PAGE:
A is for Assessing and Analyzing
- What worked well this year? Was there a type of plant or vegetable that grew well, were there disappointments? We had a very dry year, some things survived the drought. In comparison, last year we had too much rain. Making notes of the strengths and weakness of your gardening efforts and then reviewing them in the Spring will help make your garden successful and enjoyable. Consider making a photo record too, digital pictures are easy to take and transfer to your computer, along with notes, and resources.
- Have you had a soil test recently? Whether you are planting perennials, annuals, bulbs, or lawns, the nutrients are depleted over time. Fall is the perfect time to have the soil tested and amended so it will produce the best results for you. Soil test Kits are available for $9.00 at the Penn State Extension office.
B is for Bulbs and Birds
- “Bulbs” is an inclusive term describing a variety of fleshy underground matter that includes true bulbs like tulips, corms such as crocus, and rhizomes for example: lily of the valley and bearded iris. Spring flowering bulbs need full sun, well drained soil, but only minimal care. These bulbs, once they start to show, serve as reminders that better and nicer days are ahead. Years of selection and breeding have provided spectacular color and disease resistant varieties.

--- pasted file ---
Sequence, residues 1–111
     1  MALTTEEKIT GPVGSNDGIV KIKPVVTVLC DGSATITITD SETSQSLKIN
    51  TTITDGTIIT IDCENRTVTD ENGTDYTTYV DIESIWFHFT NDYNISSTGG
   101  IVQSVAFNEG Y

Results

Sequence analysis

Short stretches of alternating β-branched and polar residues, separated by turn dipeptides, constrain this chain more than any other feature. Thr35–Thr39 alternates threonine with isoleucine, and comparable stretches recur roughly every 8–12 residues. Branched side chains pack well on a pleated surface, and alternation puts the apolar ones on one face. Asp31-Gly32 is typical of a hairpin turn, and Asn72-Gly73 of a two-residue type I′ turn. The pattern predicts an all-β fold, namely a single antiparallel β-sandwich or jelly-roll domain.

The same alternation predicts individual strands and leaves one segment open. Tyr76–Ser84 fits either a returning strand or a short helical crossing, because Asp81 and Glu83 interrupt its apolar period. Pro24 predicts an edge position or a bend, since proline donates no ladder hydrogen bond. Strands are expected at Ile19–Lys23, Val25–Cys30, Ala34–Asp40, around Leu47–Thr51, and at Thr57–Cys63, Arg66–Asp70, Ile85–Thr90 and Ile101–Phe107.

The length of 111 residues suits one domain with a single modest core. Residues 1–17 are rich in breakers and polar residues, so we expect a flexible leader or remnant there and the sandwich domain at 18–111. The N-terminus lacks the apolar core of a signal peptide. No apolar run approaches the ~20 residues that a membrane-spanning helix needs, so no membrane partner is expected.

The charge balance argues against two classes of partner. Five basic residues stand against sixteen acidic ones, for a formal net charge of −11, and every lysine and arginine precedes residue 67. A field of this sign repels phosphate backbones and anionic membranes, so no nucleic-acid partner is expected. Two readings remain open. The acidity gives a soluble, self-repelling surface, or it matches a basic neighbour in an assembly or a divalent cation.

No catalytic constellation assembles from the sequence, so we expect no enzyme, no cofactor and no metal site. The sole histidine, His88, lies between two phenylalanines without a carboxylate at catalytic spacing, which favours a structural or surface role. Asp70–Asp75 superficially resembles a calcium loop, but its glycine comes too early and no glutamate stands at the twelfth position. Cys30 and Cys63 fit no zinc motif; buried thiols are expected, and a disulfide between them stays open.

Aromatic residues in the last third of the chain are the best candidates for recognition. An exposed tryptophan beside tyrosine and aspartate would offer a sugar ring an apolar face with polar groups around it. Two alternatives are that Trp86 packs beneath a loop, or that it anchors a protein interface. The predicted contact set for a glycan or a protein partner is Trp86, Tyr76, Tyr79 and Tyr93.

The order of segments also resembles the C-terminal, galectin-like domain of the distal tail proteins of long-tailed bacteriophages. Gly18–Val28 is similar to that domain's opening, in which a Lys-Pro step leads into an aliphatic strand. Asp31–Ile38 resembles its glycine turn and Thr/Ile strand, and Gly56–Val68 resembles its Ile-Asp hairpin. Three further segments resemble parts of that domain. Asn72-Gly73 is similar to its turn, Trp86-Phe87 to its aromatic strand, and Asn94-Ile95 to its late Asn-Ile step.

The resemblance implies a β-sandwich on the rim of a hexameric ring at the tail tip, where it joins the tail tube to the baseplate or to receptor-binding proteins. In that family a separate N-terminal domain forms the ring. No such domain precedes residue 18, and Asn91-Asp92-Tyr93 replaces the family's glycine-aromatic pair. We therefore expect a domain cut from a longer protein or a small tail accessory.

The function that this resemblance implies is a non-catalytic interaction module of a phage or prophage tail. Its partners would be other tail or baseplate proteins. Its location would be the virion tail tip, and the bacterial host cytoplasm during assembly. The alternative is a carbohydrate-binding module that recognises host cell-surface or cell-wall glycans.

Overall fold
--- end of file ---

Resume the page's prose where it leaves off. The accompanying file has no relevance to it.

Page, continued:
- There are approximately thirty-five species of birds that can be seen in your yard in the winter time. Think about a family project of attracting birds and caring for them during the harsh months of the year. With the right feed and feeders, birds will provide entertainment, action and color. Bird watching, indentifying, and journaling them are good ways to pass the dreary days of winter. So take some time in the fall to select a good feeder, provide shelter and water for them.
C is for Cleaning and Composting
- As the growing season slows down, less time is required to maintain the home landscape. Now is a good time to clean up while the weather is still nice. Take some time to edge around your plantings, remove any weeds and take out any insect eggs, nests, and debris. Taking them out now will prevent hundreds of seeds germinating in the Spring. Trim back any damaged limbs and branches. Sanitize and oil all your garden tools to prevent disease and corrosion. While you should continue to mow your grass, remember your mower should also be prepared properly for the winter. Change the oil and filter; check the plug, and lastly, drain the fuel. Doing all of this will extend the life of the mower and improve its performance.
- Your way of recycling naturally: start a compost pile with grass clippings and spent plants as you clean up your vegetable garden. You can also add the used potting soil from your container plantings. With the onslaught of falling leaves, they can be shredded with your mower and added to the compost pile too.
- By Steve Ward
Master Gardener Coordinator
Penn State Cooperative Extension in Lackawanna County
- “Penn State is committed to affirmative action, equal opportunity, and the diversity of its workforce.”
- Used with permission